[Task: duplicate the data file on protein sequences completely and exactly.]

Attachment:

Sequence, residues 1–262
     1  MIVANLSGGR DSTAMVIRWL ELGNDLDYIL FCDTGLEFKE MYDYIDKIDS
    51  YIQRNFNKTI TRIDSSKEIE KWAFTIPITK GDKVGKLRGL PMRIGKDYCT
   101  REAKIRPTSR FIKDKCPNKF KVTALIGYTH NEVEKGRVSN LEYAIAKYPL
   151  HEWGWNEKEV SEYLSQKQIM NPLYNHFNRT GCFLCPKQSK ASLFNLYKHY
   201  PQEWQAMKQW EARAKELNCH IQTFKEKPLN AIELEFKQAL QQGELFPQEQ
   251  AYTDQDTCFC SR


Sequence, residues 1–262
     1  MIVANLSGGR DSTAMVIRWL ELGNDLDYIL FCDTGLEFKE MYDYIDKIDS
    51  YIQRNFNKTI TRIDSSKEIE KWAFTIPITK GDKVGKLRGL PMRIGKDYCT
   101  REAKIRPTSR FIKDKCPNKF KVTALIGYTH NEVEKGRVSN LEYAIAKYPL
   151  HEWGWNEKEV SEYLSQKQIM NPLYNHFNRT GCFLCPKQSK ASLFNLYKHY
   201  PQEWQAMKQW EARAKELNCH IQTFKEKPLN AIELEFKQAL QQGELFPQEQ
   251  AYTDQDTCFC SR